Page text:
The South African Power Flying Association is an independent association affiliated to the Aero Club of South Africa formed in the 1980’s.

First South African Aero Conference – Johannesburg 1 to 6 April 1920

The Aero Club was formed in 1920 by a group of airman, “Millers Boys”, who had served with the Royal Flying Corps and the Royal Naval Air Service. In 1928, due to lack of funds, the club went into recess.

Trophy donated by Mr I W Schlesinger

It was revived again in 1936 when Mr I W Schlesinger offered £10.000.00 in prize money for the promotion of an air race from England to Johannesburg. See the 1920’s – London to Cape Town  page for further details.

A further £10.000.00 was donated by Sir Abe Bailey to promote Civil Aviation in South Africa, part of which was used for the establishment of a National Controlling Body for Aviation.

In 1939 as World War II hostilities began, Aero Club opened a Civil Pilots register to enable government to readily mobilize those in civil aviation or those with any past flying experience. When war was declared all the established flying clubs were turned into military units with many of these men giving the SAAF a name and reputation unequalled before.

At the end of the war in 1945 the Aero Club set about the re-establishment of clubs throughout South Africa. Initially the Aero Club represented only power flying but as other branches of aviation developed new sections were formed.

Schlessinger Race Program

Sub committees were formed to run the various sections, the main one still being the Power Flying committee. As other forms of aviation gained popularity the other sections showed rapid growth.

In the late 1980’s the sections of Aero Club were constituted as independent organisations all affiliated to Aero Club and subscribing to the aims and objectives of Aero Club in their particular branch of aviation. The first committees of the independent sections took office in 1988. The sections are:- Power Flying, Gliding, Parachuting, Aerobatics, Ballooning, Hang Gliding & Paragliding, Aero-Modelling, Homebuilders, Microlighting, Experimental Aircraft, Gyro Planes, Virtual Aviation, Rocketry and Disabled Aviators.

Aero Club is affiliated to the Fédération Aéronautique Internationale – the world controlling body for sport aviation. No competitive recreational flying activity in South Africa is recognized without Aero Club approval. This includes world record attempts.

Recently, the Aero Club became involved in development programs to expose those previously isolated communities to aviation and liaise such with the Department of Sport and Recreation. The development actions of SAPFA can be found here.

A general committee elected by the members and representing each of the 14 sections, is responsible for the administration and development of the Aero Club’s policies in the interest and well being of sport aviation in South Africa.

Since 1937 Aero Club and SAPFA have been organising the President’s Trophy Air Race (formerly the Governor General’s Cup Air Race). For more information on the history of this event – see Race History

The route between London and Cape Town was regarded as one of the challenges for aviators. Parts of the route had been covered but no-one had flown the full distance.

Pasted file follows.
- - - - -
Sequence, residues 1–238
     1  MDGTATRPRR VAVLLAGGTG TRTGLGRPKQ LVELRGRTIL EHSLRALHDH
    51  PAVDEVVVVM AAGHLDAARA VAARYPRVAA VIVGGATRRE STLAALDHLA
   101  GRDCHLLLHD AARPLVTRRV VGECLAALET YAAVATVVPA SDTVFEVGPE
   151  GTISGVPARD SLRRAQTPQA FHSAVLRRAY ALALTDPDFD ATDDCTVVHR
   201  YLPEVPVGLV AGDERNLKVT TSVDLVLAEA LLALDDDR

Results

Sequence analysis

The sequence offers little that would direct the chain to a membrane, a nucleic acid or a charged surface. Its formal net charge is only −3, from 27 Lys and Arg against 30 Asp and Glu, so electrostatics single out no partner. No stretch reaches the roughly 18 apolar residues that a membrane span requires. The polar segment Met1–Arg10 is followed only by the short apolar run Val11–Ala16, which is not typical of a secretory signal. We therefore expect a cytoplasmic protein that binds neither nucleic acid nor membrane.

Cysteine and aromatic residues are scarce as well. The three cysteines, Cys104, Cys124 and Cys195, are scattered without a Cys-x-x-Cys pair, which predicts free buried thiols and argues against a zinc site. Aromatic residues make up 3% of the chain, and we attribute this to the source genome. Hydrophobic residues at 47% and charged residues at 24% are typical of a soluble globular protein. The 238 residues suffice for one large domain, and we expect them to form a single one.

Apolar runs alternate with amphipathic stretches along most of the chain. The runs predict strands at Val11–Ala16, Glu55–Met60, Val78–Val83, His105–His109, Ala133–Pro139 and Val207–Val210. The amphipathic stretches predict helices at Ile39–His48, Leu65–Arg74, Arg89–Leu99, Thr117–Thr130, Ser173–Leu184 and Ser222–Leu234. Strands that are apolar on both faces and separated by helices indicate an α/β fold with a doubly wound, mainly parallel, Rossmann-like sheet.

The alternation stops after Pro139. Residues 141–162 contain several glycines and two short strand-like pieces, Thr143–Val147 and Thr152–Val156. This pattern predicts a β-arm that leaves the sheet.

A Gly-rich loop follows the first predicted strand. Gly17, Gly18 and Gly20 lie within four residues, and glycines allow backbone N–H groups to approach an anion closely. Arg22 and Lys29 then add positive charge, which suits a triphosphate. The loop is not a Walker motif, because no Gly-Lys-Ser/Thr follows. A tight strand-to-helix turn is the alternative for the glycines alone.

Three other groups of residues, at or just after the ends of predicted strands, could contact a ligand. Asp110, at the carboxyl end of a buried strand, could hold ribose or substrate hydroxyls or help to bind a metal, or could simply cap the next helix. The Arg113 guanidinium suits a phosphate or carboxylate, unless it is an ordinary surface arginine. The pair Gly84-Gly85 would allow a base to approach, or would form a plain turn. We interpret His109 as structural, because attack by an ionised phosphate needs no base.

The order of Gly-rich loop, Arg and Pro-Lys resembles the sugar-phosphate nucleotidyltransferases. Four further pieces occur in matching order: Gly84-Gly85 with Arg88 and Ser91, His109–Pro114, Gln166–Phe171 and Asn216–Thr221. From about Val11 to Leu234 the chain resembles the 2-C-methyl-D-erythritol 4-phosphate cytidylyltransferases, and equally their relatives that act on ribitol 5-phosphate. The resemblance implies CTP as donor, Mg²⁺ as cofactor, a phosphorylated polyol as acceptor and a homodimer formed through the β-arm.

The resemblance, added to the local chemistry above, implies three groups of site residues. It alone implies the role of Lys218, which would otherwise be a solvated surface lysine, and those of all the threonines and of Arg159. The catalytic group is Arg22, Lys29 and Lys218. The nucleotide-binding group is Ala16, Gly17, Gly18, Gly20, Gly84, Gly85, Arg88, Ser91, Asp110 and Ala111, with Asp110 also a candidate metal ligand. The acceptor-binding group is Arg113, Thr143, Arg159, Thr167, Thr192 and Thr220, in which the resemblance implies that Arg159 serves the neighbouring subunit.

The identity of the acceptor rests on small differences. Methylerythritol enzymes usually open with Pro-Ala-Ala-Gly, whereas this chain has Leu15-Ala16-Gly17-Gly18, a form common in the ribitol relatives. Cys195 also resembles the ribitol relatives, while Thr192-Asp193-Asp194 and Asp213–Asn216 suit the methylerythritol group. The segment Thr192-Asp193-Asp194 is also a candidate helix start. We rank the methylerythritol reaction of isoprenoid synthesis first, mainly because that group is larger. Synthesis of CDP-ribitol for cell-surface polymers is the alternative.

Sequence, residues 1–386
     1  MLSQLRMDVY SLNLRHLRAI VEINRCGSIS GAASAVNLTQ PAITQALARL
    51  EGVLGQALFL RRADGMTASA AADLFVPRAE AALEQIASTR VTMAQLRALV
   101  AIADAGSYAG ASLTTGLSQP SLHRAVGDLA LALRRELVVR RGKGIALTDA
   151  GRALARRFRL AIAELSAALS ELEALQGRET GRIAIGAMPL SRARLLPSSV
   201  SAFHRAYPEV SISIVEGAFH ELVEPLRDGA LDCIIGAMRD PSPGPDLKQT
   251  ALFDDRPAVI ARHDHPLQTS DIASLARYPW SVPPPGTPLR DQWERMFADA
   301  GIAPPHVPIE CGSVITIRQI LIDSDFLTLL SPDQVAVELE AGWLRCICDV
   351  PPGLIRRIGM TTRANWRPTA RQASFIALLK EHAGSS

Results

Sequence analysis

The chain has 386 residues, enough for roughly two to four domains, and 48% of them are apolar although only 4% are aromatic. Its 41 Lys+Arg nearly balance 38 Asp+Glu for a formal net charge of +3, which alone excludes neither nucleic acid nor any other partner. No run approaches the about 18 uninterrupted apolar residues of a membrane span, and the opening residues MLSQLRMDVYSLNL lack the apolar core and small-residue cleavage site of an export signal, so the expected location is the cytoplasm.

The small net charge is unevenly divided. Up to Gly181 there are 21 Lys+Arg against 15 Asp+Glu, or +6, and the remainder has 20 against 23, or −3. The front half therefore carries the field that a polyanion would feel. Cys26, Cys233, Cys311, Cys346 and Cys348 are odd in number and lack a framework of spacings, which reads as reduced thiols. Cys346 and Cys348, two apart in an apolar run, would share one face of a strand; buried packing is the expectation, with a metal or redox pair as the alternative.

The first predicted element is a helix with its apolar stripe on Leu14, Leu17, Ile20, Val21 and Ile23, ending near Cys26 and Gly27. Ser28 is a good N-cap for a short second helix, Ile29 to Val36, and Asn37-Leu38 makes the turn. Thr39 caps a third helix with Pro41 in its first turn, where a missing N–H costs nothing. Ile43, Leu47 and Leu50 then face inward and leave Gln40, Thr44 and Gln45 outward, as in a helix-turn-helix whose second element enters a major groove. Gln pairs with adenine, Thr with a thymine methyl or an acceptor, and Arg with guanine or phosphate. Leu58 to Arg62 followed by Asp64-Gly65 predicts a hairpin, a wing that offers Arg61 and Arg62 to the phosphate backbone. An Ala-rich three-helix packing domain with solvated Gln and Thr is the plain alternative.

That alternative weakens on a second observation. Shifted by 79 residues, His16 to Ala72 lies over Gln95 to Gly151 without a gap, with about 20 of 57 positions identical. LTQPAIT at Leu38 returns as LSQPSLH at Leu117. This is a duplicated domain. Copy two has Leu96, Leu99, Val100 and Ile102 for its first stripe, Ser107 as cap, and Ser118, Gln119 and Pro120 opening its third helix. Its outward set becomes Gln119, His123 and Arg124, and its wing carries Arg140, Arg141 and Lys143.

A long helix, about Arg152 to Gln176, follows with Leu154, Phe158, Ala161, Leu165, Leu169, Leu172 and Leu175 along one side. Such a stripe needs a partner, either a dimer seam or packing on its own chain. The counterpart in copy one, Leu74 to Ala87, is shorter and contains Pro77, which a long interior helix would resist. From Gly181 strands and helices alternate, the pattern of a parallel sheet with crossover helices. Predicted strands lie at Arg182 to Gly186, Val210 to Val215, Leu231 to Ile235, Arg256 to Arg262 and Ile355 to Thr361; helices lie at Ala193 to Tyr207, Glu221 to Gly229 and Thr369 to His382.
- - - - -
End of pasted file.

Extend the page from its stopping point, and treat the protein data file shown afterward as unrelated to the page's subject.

Sirs Pierre van Ryneveld (left) and Christopher Quintin-Brand and crew, stand in front of the Silver Queen before departing. (Brooklands Museum collection)
Sirs Pierre van Ryneveld (left) and Christopher Quintin- Brand and crew, stand in front of the Silver Queen before departing. (Brooklands Museum collection)

In December 1919, the British Air Ministry announced surveys had been completed by the RAF and a string of airfields established on the African route. It was now open to aviators! Urged on by the successes achieved by Alcock and Brown, first non-stop flight across the Atlantic, and the Smith brothers’ first flight to Australia, the challenge began to gather momentum.

In January 1920 the London Times offered a prize for the first person to fly from London to Cape Town. The same reward was offered as had been earned by the two previously successful great flights – £10,000 – that’s £300,000 in today’s terms. Less than a month later, a Vickers Vimy set out from England for the Cape. Piloted by Captains S Cockerell and F C Broome, with Dr Chalmers Mitchell, Secretary of the Zoological Society

General Smuts wanted a South African to be the first so he authorized the purchase of a Vickers Vimy for this task at a cost of £4 500. Lt.Col Pierre van Ryneveld and Flight Lieutenant Christopher Joseph (Flossie) Quintin-Brand left London on 4 February 1920 from Brooklands Aerodrome in Surrey, England in the Vimy named the Silver Queen. The registration was G-UABA.

C J Quintin-Brand
C J Quintin-Brand


P van Ryneveld
P van Ryneveld

van Ryneveld and Brand had to do some night flying to catch up with the Vimy sponsored by the Times. They encountered bad weather over the Mediterranean so the crossing took approximately 11 hours. Their aircraft was written off in a forced landing at night due to a leaking radiator at Wadi Halfa in the Sudan.

A second Vimy F8615 was loaned from the Royal Air Force at Heliopolis, in Egypt, and they continued their journey 11 days later. They left from Cairo on 22 February. On 27 February the competing aircraft crashed at Tabora in Tanganyika, without injury. The Silver Queen II crashed in Bulawayo due to being overloaded on 6 March. The hot and high conditions over Africa were taking their toll.

de Haviland DH9